Shining Stars

2 minute read
Richard Clayton

Forget concealment and switch on to sculptural forms, futuristic shapes and sumptuous craftsmanship — the latest examples of lighting design are better suited to center stage instead of just bathing other products in glory. You can design your decor around any of these five.

GloBe Snow glistening under a Swedish moon inspired Torbjrn Lundell to come up with GloFab, a light-radiating “fabric” made from slender fiber-optic cables. Here, the material is draped around a transparent acrylic sphere to create a squiggly glitter ball. Other applications include curtains and wall hangings, yet Lundell’s ambition is to get the yarn to change color in response to music. That man should run a disco.

Delirium Yum Bizarre product names only enhance the 74-year-old German Ingo Maurer’s status as the world’s most outlandish lighting designer. Co-created with his colleague Sebastian Hepting, this 80-cm-tall version is the little sister of an installation at Maastricht’s Kruisherenhotel, a renovated ex-monastery. The lava lamp pales in comparison with this motorized whirlwind in a water cooler, available in October.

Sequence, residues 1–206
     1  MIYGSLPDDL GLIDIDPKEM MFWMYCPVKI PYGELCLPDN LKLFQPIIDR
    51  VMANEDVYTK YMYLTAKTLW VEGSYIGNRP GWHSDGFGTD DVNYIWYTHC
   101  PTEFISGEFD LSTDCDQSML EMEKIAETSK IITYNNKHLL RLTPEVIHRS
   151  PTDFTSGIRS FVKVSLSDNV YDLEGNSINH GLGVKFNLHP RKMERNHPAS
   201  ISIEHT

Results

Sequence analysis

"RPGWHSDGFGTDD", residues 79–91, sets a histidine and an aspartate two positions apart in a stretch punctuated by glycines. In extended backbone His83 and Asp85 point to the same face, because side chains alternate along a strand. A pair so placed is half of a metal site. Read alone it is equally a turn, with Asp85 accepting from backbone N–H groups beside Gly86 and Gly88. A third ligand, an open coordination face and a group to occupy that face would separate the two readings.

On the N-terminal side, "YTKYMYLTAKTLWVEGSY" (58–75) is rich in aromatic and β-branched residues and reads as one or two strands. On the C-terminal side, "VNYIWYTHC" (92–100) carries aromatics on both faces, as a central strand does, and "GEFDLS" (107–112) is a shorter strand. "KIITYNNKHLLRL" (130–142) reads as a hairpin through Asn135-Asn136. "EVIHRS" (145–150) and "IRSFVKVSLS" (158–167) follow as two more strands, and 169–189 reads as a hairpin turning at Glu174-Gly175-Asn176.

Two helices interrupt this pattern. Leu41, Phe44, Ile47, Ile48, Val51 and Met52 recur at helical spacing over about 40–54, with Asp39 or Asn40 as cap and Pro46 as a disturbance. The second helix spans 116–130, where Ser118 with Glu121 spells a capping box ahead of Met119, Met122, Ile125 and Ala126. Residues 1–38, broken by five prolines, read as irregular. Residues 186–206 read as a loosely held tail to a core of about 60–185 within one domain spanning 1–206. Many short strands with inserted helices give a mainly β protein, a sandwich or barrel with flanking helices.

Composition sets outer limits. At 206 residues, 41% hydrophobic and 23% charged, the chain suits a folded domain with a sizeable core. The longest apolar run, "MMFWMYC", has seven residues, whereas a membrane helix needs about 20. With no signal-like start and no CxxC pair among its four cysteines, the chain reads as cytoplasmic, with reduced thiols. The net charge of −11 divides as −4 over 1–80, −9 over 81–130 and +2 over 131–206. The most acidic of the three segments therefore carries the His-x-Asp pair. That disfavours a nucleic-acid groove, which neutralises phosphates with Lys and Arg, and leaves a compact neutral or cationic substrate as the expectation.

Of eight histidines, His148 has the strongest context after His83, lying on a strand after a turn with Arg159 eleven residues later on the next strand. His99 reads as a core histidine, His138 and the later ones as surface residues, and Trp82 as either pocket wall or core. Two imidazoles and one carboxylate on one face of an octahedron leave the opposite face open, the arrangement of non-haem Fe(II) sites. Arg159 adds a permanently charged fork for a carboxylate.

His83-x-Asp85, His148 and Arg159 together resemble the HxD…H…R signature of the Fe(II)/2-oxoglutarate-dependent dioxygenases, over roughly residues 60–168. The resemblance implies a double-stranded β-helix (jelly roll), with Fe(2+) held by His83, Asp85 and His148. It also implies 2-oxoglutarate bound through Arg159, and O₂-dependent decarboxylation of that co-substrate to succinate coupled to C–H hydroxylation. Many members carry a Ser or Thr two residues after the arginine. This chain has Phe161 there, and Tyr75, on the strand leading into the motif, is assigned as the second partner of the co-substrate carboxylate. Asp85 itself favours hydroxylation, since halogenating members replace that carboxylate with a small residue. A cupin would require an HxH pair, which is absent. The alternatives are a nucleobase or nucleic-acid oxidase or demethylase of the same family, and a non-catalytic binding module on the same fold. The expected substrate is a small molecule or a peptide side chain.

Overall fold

Vortexx Chandelier Want to jazz up your dinner parties? With a Mbius-strip-like structure and recessed LED, the Vortexx chandelier by Zaha Hadid Architects for Sawaya & Moroni casts “an endless ribbon of light,” according to its designers. Sci-fi fans might think it resembles something out of the movie Tron. And you can check out more of the Iraqi-born, London-based Hadid’s work at her Guggenheim retrospective, in New York City until Oct. 25.

Leaf Light Resembling Uri Geller’s toothbrush more than anything arboreal, Swiss-born Yves Bhar’s Leaf Light pairs Silicon Valley technology with candlelike simplicity. An iPod-style scrolling dimmer controls the LED’s range, from cozy glow to clear white, and heat is dissipated by tiny holes, or “chimneys.”

Light as Air There are bright young things, and then there’s Paul Cocksedge, 28, who was shortlisted for the U.K.’s Designer of the Year award in 2004. Light as Air, the result of the Londoner’s experiments with glass blowing, is his most beguiling work yet. As organic in appearance as an undersea tube worm, it can be used on your desk or as a freestanding objet d’art.

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